What Medieval Rabbis Thought about Christianity

This month, Mosaic has offered a series of essays on Christian attitudes toward Judaism and the Jewish state. David Berger, the foremost authority on Jewish-Christian polemic in the Middle Ages, tackles Jews’ attitudes towards Christians in this interview with Elliot Resnick—among many other topics. He begins with the opinions of Rabbi Yeḥiel of Paris, whose disputation with a Catholic clergyman in 1240 was followed by the mass burning of Jewish religious texts:

Jews [involved in disputations] may have said things they didn’t mean in order to avoid persecution. . . . In Rabbi Yeḥiel’s disputation, he says the Talmud’s laws [prohibiting certain forms of intercourse with] non-Jews don’t apply to Christians. They only apply to the [pagan] nations of antiquity. [As in other cases], the question of Yeḥiel’s sincerity has been raised.

But Rabbi Menaḥem Meiri of Perpignan (1249-1315), who did not have a disputation with Christians, actually says the same thing even more vigorously and systematically. He says these laws don’t apply to umot g’durot b’darkhey ha-datot, which literally means “nations who are limited by the ways of religions”—that is, nations that have decent moral codes and believe in one God. So that means Christians and Muslims are exempted.

Read more at Jewish Press

More about: Halakhah, Jewish history, Jewish-Christian relations, Medieval disputations

Iran’s Program of Subversion and Propaganda in the Caucasus

In the past week, Iranian proxies and clients have attacked Israel from the West Bank, Gaza, Lebanon, and Yemen. Iran also has substantial military assets in Iraq and Syria—countries over which it exercises a great deal of control—which could launch significant attacks on Israel as well. Tehran, in addition, has stretched its influence northward into both Azerbaijan and Armenia. While Israel has diplomatic relations with both of these rival nations, its relationship with Baku is closer and involves significant military and security collaboration, some of which is directed against Iran. Alexander Grinberg writes:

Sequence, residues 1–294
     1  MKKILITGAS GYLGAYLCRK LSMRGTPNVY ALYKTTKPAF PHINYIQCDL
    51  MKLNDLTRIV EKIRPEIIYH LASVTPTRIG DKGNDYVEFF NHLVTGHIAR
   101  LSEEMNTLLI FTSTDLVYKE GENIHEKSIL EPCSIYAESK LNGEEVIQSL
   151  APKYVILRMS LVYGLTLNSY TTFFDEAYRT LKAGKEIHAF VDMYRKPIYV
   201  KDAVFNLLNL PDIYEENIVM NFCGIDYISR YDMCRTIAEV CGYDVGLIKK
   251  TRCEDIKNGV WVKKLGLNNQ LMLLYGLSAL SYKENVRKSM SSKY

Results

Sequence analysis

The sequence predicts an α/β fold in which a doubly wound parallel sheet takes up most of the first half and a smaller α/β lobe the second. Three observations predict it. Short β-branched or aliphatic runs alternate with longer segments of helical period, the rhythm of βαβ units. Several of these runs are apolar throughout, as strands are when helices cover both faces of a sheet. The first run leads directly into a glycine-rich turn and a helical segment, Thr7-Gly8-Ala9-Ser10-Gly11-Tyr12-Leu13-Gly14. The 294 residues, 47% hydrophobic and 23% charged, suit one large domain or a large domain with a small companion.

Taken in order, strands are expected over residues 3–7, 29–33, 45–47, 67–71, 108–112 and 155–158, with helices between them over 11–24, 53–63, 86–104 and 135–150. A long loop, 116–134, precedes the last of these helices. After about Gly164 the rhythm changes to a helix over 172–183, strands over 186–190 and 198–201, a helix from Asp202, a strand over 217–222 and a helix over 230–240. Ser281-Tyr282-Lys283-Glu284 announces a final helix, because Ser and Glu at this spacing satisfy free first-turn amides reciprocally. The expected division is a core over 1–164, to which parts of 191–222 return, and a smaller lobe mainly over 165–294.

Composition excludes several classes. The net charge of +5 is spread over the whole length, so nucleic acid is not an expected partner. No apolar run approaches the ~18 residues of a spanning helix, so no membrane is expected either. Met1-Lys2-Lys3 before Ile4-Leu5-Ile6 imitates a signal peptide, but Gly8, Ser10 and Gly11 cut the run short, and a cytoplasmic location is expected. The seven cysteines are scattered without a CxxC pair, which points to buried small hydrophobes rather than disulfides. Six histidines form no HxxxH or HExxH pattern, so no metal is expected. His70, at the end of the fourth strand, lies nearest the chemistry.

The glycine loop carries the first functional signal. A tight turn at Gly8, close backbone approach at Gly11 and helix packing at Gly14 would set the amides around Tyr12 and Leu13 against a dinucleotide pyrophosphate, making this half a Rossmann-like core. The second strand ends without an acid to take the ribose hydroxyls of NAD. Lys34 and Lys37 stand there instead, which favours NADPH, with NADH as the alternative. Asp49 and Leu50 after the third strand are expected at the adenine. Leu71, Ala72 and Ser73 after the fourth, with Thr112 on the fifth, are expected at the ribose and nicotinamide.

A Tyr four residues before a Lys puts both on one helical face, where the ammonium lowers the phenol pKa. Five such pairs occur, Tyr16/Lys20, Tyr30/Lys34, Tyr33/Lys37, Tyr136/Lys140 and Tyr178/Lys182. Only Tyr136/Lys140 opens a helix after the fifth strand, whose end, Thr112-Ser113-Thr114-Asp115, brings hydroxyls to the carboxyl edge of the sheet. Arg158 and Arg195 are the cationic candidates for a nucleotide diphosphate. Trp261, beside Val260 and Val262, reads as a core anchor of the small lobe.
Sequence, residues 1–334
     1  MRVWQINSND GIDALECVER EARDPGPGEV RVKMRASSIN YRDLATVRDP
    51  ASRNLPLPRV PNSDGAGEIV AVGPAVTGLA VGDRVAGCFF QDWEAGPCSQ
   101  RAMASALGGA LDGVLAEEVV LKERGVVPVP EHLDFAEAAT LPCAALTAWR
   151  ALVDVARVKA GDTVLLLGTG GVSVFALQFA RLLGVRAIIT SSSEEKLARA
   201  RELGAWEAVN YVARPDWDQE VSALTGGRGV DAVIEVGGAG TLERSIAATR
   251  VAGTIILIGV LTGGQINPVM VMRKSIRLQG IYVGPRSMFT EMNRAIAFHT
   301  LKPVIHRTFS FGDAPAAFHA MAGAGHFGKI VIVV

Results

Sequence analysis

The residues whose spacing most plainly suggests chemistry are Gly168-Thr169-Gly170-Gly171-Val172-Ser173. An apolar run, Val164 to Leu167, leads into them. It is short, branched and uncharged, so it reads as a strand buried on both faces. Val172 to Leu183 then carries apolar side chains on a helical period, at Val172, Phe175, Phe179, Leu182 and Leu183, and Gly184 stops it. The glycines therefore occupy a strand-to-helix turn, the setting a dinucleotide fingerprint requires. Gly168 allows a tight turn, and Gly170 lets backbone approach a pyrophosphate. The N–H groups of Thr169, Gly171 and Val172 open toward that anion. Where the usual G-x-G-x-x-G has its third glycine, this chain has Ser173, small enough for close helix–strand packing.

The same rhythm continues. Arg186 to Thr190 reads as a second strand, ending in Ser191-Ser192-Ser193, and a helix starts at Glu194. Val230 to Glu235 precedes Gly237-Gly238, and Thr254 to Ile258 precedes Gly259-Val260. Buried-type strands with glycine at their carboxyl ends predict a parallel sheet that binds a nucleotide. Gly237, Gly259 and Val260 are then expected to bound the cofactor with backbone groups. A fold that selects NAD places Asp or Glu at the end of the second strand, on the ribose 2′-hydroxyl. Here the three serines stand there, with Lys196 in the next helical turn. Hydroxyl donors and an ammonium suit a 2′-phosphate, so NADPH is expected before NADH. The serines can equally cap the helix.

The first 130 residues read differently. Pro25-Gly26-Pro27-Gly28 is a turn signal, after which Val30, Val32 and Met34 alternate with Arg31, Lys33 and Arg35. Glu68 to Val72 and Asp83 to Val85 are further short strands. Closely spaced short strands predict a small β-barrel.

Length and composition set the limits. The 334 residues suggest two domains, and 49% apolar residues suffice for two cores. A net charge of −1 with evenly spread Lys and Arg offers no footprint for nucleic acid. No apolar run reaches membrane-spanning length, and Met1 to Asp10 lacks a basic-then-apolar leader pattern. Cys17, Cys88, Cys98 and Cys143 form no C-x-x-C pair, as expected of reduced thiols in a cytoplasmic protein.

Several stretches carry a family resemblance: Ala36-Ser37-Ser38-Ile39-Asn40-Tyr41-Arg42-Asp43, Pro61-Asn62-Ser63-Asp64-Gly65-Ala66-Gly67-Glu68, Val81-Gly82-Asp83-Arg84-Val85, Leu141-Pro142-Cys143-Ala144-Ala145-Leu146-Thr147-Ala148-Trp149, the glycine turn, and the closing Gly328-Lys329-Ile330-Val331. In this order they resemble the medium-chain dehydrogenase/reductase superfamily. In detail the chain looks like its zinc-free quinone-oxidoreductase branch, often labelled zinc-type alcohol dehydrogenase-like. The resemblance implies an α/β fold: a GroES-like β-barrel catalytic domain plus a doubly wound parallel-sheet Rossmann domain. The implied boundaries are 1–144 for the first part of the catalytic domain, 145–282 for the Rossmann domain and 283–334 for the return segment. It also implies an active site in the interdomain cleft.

Iran exploits ethnic and religious factors in both Armenia and Azerbaijan to further its interests. . . . In Armenia, Iran attempts to tarnish the legitimacy of the elected government and exploit the church’s nationalist position and tensions between it and the Armenian government; in Azerbaijan, the Iranian regime employs outright terrorist methods similar to its support for terrorist proxies in the Middle East [in order to] undermine the regime.

Huseyniyyun (Islamic Resistance Movement of Azerbaijan) is a terrorist militia made up of ethnic Azeris and designed to fight against Azerbaijan. It was established by the Islamic Revolutionary Guard Corps . . . in the image of other pro-Iranian militias. . . . Currently, Huseyniyyun is not actively engaged in terrorist activities as Iran prefers more subtle methods of subversion. The organization serves as a mouthpiece of the Iranian regime on various Telegram channels in the Azeri language. The main impact of Huseyniyyun is that it helps spread Iranian propaganda in Azerbaijan.

The Iranian regime fears the end of hostilities between Armenia and Azerbaijan because this would limit its options for disruption. Iranian outlets are replete with anti-Semitic paranoia against Azerbaijan, accusing the country of awarding its territory to Zionists and NATO. . . . Likewise, it is noteworthy that Armenian nationalists reiterate hideous anti-Semitic tropes that are identical to those spouted by the Iranians and Palestinians. Moreover, leading Iranian analysts have no qualms about openly praising [sympathetic] Armenian clergy together with terrorist Iran-funded Azeri movements for working toward Iranian goals.

Read more at Jerusalem Institute for Strategy and Security

More about: Azerbaijan, Iran, Israeli Security